Forget EUR/CHF – Here is How Everyone Really Loses Money in FX

One week after “Black Thursday”, the EUR/CHF debacle of course invites a huge amount of Monday morning quarterbacking with many experts only too happy to tell you what you should have done AFTER the fact. Still a few common sense ideas like having at least two or ideally three separate brokerage accounts, keeping your deposits small and periodically taking money out of the account are all good ideas.

Kathy and I wanted to go much further than that and actually explore new ways that we should be trading now. I think we came up with some very interesting ideas of how to adapt and we’ll be holding a free webinar this Tuesday January 27th both at 8AM and 8PM NY Time ( register here ) to discuss them.

But this week I actually wanted to step away from the chaos of current events and take a look at the most common way that many of us blow up our money. The EUR/CHF trade was more like an Act of God clause common in most insurance contracts that recognize that it is impossible to indemnify against every risk. You can lead a very clean life and still get hit by a cab at a busy intersection.

But there are many risks in our business that are self made and perhaps none so pernicious as the allure of the martingale. There is no trader that ever lived who has not averaged down into a bad position multiple times. After all in a bounded market like FX – the asset has got to rebound sometime, right? In this column, I’ve chronicled numerous examples of my own disastrous attempts to martingale myself back to even – only to blow up the account again and again. In fact I would say that the first step to becoming a winning trader is to stop martingaling. I mean really stop. Ever. The traders who make money consistently learn to do that. Others remain inveterate gamblers, no different and no less pathetic than junkies.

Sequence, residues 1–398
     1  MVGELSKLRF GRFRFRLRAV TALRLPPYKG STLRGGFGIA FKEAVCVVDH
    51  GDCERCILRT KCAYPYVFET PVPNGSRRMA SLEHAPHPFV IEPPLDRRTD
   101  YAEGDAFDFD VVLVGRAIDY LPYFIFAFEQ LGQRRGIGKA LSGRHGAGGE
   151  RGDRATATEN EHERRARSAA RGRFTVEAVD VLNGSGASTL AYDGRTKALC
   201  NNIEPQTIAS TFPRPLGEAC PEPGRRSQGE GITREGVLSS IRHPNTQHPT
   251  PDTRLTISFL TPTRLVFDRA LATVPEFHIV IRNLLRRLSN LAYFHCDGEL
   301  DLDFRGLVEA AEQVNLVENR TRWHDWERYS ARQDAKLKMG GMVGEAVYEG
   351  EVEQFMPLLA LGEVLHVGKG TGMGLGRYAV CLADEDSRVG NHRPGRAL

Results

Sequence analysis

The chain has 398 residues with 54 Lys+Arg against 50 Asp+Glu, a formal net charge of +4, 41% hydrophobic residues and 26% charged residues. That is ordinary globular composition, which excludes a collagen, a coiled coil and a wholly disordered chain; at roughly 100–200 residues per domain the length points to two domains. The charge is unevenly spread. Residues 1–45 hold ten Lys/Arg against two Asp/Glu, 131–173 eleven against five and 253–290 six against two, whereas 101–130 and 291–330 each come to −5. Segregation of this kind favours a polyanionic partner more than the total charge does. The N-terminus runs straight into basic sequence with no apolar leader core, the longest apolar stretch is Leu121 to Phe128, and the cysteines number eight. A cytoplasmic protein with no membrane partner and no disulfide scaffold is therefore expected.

However here is the best reason to never, ever martingale. I came across this comment on forexfactory forums and thought it was worth a share. (I am reproducing it as written)

“The thing is, if you never loose its ok, but when you do, the amount you loose double each time, and with only 0.01 (1cents) lots size you get pretty big amount, in short period of time…

In 15 trade you get 1966$ in loosing trade, just by using 1cents lots size…
Because you must add you loosing trade together…”

So in betting just one penny a pip after 15 losers in a row you will be down nearly 2000 bucks. How many trades at a penny a pip do you think you will need to make to recover that amount?

Think about that next time you want to double down endlessly. As Paul Tudor Jones once said, “Losers average losers.”

Boris Schlossberg

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